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New McDonald’s Site is First Net-Zero Restaurant in UK

New McDonald’s Site is First Net-Zero Restaurant in UK
13 December 2021

McDonald’s Market Drayton is the first restaurant in the UK due to be verified as net-zero emissions for construction, using the UK Green Building Council’s net-zero carbon buildings framework.

The Shropshire restaurant will act as a blueprint for future restaurants around the country, has been designed to be net-zero emissions standard in both construction and everyday operation – an industry first.

The restaurant has been deliberately designed to retain the familiar McDonald’s look and feel to ensure it can be effectively replicated as the business looks to revolutionise the way it designs its new and existing restaurants to achieve net-zero emissions for all its 1,400 restaurants and offices by 2030.


What Sustainable Building Features Does the Restaurant Have?



  • Renewable power from two wind turbines and 92 sqm of solar panels - producing 60,000 kWh of power per year, and reducing the amount of energy the restaurant draws from the grid.
  • Walls insulated with British sheep’s wool which might otherwise have gone to landfill, and which replaces unsustainable man-made materials.
  • Building cladding made from recycled IT equipment and white household goods, amounting to 250 sqm of recycled materials.
  • Wall signs made from McDonald’s used coffee beans - one of the examples of action the business is taking to introduce circular waste solutions.
  • Kerbs stones, each made from 182 recycled plastic bottles, reducing carbon emissions by 25kg per kerb compared to concrete kerbs. By using over 1,000 of these at Market Drayton, McDonald’s has diverted over 200,000 plastic bottles from landfill.
  • A Drive-Thru lane which has been made from recycled tyres – this material produces less carbon dioxide and allows more water to be absorbed, reducing the amount of rainwater going down the drain.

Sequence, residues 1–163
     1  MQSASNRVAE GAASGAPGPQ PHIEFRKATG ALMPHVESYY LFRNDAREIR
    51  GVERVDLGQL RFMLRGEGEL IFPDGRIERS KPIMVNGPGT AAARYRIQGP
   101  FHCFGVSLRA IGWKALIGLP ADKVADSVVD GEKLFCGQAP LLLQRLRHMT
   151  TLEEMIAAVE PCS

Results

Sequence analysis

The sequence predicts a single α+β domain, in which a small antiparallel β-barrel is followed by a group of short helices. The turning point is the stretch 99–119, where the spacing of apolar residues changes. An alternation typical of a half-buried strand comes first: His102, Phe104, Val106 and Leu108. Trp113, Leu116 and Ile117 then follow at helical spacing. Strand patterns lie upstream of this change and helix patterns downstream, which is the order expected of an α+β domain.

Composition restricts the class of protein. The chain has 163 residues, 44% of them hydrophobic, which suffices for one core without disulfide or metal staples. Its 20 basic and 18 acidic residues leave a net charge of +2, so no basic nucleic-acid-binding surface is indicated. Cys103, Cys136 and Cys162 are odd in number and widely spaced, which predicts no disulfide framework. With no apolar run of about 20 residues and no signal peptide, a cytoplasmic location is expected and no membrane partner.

• A biodiversity garden and nature trail – designed by schoolchildren from Market Drayton Junior School, the garden will collect rainwater from the car park and provide a habitat for frogs and other creatures
  • .Wall art made from recycled polystyrene cups, fixed in place with potato starch from McDonald’s potatoes.
  • EV charging points.
  • Furniture made from 100 per cent recyclable materials.


Simon McWhirter, UKGBC’s Director of Communications, Policy & Places said: “The challenge of decarbonising the construction industry is a complex one, but McDonald’s commitment to building the first restaurant in the UK in line with UKGBC’s net-zero carbon buildings framework is a critical first step. We welcome the ambition to achieve net-zero emissions for all McDonald’s restaurants and offices by 2030.”


Beef Items Remain on Menu


A much-reported technique on the way to carbon-neutrality concerns the nation’s diets. A recently leaked report from the IPCC states “plant-based diets can reduce emissions by up to 50 per cent compared to the average emission-intensive western diet.”

Offering vegan options is an alternative way for businesses to practice effective corporate social responsibility and reduce their carbon footprint. The recently launched Vegan McPlant Burger indicates a step in this direction, although it seems McDonald’s has no plans to stop offering its carbon-heavy beef burgers.

According to a report by The Mirror, producing a Big Mac leads to the emission of 2.35kg of CO2, the same as driving an average UK petrol car 7.88 miles. 

Beth Hart, the Vice President of Supply Chain for McDonald’s UK and Ireland, told i news:

“Beefburgers are still the most popular item on our menu. Our customers love it. We’re a business and we need to give customers what they want and love. We’re also grateful to the farms that have served us for so many years and we’re not moving away from them. But that’s the challenge.”

Picture: a photograph of a McDonald's Sign

Article written by Ella Tansley | Published 13 December 2021


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